Stranger in Strange Lands

Week 3’s assignment by Amity Gaige for The Craft of Setting and Description is to take one of 3 settings and to write the beginning of a story with care taken to really make the location feel real.

The idea is that a writer – even when writing about a location they’ve never been – can do research and find a way to really feel placed in the location. This can be as simple as knowing that a local custom is to call all convenience stores by the name of one particular brand or saying pop instead of soda.

The 3 settings to choose from were:

  1. A hospital;
  2. A foreign country; or
  3. A blackout.

I choose option 3 and immediately thought of openings like “When you live xxxxx feet below the surface of the ocean, there are a lot of things which can kill you…”

Talking to my sister, I realized that a setting like that is so foreign to the majority of readers that it would be hard to convincingly pull the reader in. Even with carefully crafted details, it could come off little more than the latest sci-fi/horror made-for-television movie.

Instead, I decided to go with a blackout at a storage facility – like Public Storage. I’ve had to spend a lot of time at storage facilities over the years for personal or professional reasons, and I’ve always felt that it was only the fact that it was daytime that kept The Creep Factor from getting to high.

In this case, I do start to head towards some pretty standard horror and suspense, but remember that this is only the beginning of a story, so even I don’t know where this would actually have ended up.

I hope you enjoy it.

Roach Motel

I entered my gate code from memory. After coming to the Public Storage almost weekly for months, I knew it better than my mother’s birthday. The gate jerked then a crank slowly pulled it open. I didn’t wait for it to get more than half way before I drove through.

The parking area was empty, which didn’t surprise me for the time of night. The storage was open until ten o’clock which left me – I checked my phone – thirty-six minutes to get in and find it.

I had to enter my security code again to enter the building and I heard the lock click as the door closed behind me. I looked through the windowed door at my car when I realized I’d left my phone in the passenger seat, but decided it was better to hurry than to go back. No one ever called me anyway.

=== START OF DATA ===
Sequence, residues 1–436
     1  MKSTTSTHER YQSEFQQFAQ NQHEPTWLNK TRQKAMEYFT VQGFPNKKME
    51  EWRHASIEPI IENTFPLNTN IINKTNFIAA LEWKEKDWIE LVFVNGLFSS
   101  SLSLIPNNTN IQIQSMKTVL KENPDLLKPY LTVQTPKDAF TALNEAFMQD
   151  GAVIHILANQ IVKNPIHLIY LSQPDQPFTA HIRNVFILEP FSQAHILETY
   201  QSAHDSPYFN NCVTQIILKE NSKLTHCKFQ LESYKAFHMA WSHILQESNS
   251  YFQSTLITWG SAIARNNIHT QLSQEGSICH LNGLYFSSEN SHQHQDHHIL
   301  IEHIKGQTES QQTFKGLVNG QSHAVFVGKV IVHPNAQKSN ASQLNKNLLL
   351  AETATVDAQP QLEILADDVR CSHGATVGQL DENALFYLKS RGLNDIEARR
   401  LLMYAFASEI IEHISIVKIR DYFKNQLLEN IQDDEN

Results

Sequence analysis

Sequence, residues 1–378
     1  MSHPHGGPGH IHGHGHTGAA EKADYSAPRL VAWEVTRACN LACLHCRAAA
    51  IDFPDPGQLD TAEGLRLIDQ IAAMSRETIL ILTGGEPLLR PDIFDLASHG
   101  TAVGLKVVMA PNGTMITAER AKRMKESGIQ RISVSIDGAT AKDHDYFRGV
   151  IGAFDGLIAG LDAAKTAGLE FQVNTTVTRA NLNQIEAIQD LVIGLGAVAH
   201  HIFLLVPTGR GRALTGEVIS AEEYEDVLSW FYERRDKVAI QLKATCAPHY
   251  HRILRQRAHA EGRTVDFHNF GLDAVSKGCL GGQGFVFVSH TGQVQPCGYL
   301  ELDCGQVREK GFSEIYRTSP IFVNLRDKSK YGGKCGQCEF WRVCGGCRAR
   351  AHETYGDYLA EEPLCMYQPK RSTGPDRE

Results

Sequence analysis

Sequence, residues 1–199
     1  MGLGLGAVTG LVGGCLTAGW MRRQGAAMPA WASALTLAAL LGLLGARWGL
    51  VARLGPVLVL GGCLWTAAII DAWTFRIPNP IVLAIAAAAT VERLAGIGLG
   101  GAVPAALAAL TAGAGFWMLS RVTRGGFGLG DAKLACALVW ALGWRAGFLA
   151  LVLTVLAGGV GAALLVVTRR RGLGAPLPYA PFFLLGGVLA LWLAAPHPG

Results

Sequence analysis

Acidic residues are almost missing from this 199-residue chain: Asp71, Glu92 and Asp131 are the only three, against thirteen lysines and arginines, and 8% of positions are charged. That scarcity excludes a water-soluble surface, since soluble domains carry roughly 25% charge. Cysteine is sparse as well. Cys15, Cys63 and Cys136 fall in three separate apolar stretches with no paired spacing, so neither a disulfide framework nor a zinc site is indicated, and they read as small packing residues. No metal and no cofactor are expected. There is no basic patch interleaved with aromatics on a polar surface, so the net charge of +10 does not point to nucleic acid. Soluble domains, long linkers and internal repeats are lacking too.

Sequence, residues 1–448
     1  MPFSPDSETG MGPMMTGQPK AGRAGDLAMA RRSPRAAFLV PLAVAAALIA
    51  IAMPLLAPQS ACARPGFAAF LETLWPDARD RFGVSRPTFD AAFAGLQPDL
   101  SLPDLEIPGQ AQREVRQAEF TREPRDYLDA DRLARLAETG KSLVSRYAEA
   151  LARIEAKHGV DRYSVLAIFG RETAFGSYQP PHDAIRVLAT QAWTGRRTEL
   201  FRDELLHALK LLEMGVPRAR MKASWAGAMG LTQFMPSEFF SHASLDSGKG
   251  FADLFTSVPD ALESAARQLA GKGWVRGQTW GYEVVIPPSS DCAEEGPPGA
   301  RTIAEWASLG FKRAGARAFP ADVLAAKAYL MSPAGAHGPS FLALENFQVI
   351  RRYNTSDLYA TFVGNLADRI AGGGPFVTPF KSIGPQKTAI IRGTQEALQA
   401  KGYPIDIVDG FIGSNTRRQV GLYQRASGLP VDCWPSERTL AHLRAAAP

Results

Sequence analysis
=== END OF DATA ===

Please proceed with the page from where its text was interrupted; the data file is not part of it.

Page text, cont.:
My locker was on the second floor, so I waited for The Slowest Elevator In The World and took in the combination of dust, mold, and rat droppings that permeated the building. The air was cool but humid enough that I was already starting to sweat.

“Climate controlled bullshit,” I mumbled.

On the second floor, I raced down the right-hand corridor only to have to turn and rush in the opposite direction because all of the halls looked nearly identical. Like long Kubrickian hotel hallways except painted a depressing grey layered over another layer of depressing grey over another layer for decades.

Just as I reached number forty-four, there was a loud click, a smell of ozone, and the lights went out plunging me into pure darkness.

I paused for more than a few seconds while waiting for the lights to come back, but nothing happened.


I felt for the wall and my hands touched the cold metal of the locker roll-up door. The lock rattled and I tried to mentally orient myself.


There was not answer but then the sudden crash of another locker door. The echo bathed my ears as it passed back and forth down the many corridors leaving me unable to tell which direction it came from.

“Who’s there? Do you have a light? I, uh, left my phone in my car,” I said, silently cursing my stupidity. I desperately patted my pockets and even my chest searching for anything which might produce a light and then I noticed the faint glow further down the hall, away from the elevators. It was so faint that I wondered if my eyes were deceiving me – a faint pink of washed out red that could only be an emergency exit sign.

Thanking whoever invented automatic battery back-ups, I slowly felt my way along the wall toward what seemed salvation.

I could’ve run down the hall, if I’d wanted. Just put my arms out to touch each wall in the narrow corridor and sprinted. I knew the floor was clear. It was always clear in places like this. And yet, I still couldn’t overcome my internal fear that I would trip on something.

And then there was another noise. A scrape so loud and sharp that it was like the screech of a hawk. With my head turned toward the light, the echo was different and I could tell the sound came from behind me somewhere, though I couldn’t be sure it was in the same hall.

My fear overcame my internal trip hazard reflex and I stumbled along the wall at a near run.


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